Fracking plans for Cheshire submitted by IGas

Ince Marshes Image copyright Jeff Buck/Geograph
Image caption Ince Marshes could become the site of Cheshire's first shale gas exploration site

An energy firm has submitted plans to frack for shale gas in Cheshire.

IGas has applied to drill a test well to fracture underground rocks to release gas at a site in Grinsome Road on Ince Marshes near Elton and Helsby.

John Blaymires, from the company, said the site was chosen because of its "proud industrial heritage".

Cheshire West and Cheshire Council will consider the county's first fracking application which campaigners said was "incredibly concerning".

Hydraulic fracturing, or fracking, is the process of drilling down into the earth before a high-pressure water mixture is directed at the rock to release the gas inside.

IGas has started applying for planning permission to drill a temporary well both vertically and horizontally, a process which is expected to yield more gas.

Seismic testing of the ground was conducted in the surrounding area for IGas in 2016, despite protests led by local anti-fracking campaign groups.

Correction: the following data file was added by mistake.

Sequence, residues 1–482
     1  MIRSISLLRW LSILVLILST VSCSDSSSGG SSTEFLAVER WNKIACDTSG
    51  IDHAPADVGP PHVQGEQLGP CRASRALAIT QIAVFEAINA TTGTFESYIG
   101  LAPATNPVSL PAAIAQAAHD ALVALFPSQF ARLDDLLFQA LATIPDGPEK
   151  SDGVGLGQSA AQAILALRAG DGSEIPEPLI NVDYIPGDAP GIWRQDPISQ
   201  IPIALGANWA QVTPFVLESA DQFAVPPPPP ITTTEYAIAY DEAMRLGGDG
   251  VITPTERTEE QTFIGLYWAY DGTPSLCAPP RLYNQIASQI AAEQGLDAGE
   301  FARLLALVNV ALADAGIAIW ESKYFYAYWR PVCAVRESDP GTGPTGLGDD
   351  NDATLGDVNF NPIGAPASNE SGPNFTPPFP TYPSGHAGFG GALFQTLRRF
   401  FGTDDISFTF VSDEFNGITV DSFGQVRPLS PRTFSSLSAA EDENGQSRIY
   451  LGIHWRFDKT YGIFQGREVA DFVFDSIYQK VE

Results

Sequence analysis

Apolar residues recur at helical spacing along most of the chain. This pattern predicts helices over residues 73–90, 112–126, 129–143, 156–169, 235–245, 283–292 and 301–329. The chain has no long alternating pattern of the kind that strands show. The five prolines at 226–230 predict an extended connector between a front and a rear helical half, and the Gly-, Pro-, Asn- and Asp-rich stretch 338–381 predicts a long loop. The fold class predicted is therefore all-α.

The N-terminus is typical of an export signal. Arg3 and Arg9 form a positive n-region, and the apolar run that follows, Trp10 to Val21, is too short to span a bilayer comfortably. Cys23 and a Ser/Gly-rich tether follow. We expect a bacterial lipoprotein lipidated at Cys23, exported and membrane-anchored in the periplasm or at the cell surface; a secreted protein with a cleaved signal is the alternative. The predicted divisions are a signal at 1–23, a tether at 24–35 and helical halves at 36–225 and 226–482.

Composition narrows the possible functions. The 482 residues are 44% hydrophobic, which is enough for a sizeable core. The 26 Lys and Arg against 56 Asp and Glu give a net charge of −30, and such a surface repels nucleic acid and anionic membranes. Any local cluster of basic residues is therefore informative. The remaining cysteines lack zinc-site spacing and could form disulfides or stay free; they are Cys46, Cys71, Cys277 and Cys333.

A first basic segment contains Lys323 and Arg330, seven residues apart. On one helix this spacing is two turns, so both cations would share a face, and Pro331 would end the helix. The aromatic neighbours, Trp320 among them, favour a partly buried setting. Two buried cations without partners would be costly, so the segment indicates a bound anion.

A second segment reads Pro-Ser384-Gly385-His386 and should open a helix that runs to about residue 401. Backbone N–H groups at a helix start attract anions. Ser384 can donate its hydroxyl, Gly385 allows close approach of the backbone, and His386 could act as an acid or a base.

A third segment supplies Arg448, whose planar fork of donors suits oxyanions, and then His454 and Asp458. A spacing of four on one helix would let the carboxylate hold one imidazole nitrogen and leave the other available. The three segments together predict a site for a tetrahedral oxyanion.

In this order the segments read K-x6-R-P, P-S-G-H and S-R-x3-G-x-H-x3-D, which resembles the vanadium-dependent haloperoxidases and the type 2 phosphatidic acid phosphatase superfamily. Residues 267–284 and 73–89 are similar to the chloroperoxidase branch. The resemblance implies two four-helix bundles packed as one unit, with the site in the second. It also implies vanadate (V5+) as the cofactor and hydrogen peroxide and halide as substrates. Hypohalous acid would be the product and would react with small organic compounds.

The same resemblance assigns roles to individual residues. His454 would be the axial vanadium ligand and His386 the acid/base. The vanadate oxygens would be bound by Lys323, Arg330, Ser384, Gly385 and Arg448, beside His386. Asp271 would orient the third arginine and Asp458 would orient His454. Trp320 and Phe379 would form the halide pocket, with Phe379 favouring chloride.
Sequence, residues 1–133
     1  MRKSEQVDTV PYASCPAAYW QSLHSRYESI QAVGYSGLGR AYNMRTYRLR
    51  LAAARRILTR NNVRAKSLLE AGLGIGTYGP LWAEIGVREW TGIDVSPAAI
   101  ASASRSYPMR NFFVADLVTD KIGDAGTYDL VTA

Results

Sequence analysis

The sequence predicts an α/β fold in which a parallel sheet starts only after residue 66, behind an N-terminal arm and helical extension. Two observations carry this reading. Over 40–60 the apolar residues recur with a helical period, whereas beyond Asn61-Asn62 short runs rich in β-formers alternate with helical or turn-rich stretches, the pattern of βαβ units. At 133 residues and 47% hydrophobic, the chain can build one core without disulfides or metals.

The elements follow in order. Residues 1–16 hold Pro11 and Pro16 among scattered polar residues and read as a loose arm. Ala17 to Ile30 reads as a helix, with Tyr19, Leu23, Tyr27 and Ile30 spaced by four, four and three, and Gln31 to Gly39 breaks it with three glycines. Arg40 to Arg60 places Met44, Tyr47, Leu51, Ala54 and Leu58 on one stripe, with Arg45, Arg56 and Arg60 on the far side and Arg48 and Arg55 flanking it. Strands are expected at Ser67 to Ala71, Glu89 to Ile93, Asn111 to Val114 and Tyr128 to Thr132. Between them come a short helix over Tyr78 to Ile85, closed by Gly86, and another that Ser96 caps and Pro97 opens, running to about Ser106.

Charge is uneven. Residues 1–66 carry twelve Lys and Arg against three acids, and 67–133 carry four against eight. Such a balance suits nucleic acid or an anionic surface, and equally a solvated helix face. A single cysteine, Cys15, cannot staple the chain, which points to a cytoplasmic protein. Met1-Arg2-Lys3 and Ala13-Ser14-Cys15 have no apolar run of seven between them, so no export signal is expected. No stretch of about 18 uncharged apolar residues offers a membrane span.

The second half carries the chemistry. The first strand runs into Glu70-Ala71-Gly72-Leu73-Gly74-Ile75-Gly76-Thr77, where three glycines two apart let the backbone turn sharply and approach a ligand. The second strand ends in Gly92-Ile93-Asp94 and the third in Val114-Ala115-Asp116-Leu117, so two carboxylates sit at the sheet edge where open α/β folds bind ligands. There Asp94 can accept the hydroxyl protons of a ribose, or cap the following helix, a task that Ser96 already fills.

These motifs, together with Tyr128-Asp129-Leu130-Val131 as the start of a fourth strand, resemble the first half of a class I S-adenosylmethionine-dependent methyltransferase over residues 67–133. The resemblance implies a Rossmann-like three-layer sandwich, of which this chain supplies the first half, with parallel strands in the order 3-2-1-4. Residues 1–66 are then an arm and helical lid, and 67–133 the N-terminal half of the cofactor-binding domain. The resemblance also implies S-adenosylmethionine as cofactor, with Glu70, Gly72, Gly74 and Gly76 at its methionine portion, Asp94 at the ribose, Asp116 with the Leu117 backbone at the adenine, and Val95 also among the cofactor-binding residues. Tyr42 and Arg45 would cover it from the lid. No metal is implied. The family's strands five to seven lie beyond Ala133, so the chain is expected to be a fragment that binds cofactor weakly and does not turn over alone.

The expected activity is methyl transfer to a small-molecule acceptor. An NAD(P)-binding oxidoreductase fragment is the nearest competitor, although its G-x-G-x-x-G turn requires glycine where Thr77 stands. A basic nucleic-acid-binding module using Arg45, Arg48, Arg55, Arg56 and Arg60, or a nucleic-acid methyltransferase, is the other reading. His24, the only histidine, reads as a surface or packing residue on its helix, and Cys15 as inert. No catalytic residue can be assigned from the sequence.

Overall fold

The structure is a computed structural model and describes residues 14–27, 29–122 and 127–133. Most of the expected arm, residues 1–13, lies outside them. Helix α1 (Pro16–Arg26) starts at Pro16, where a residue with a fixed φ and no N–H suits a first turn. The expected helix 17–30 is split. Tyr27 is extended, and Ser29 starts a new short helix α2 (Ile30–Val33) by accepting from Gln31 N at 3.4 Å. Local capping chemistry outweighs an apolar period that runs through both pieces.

Much of Ince Marshes is designated as a Site of Biological Importance by the council, meaning the site has planning protections.

Adrienne Baines from Frack Free Helsby said: "We are in no doubt that the intention is to develop fracking on a significant scale in this area of Cheshire.

"If these plans go ahead communities in this area will not be immune to the considerable increase in traffic from HGV movements, risk of water and land contamination, further reduction in air quality, and the irrevocable industrialisation of the surrounding countryside."

IGas' site is close to a collection of energy projects known as the Protos "energy hub", as well as major industrial areas at Runcorn and Ellesmere Port.

The British Geological Survey announced in September that Ince Marshes would be the site of a new national research centre which will monitor the effects of shale gas extraction.

Mr Blaymires said: "There are a number of significant employers in the area whose businesses rely on gas, which is something that we could potentially supply in the future, directly from the area."

More on this story